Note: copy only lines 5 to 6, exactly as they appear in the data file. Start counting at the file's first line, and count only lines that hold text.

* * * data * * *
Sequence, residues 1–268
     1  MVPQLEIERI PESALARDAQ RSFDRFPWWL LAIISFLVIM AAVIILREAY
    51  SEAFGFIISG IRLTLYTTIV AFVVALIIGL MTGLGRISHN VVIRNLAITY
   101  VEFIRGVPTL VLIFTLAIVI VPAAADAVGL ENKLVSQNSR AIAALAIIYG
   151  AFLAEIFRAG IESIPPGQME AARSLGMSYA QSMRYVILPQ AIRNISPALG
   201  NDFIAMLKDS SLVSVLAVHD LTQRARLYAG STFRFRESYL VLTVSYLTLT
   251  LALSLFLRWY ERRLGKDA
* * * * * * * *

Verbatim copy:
   151  AFLAEIFRAG IESIPPGQME AARSLGMSYA QSMRYVILPQ AIRNISPALG
   201  NDFIAMLKDS SLVSVLAVHD LTQRARLYAG STFRFRESYL VLTVSYLTLT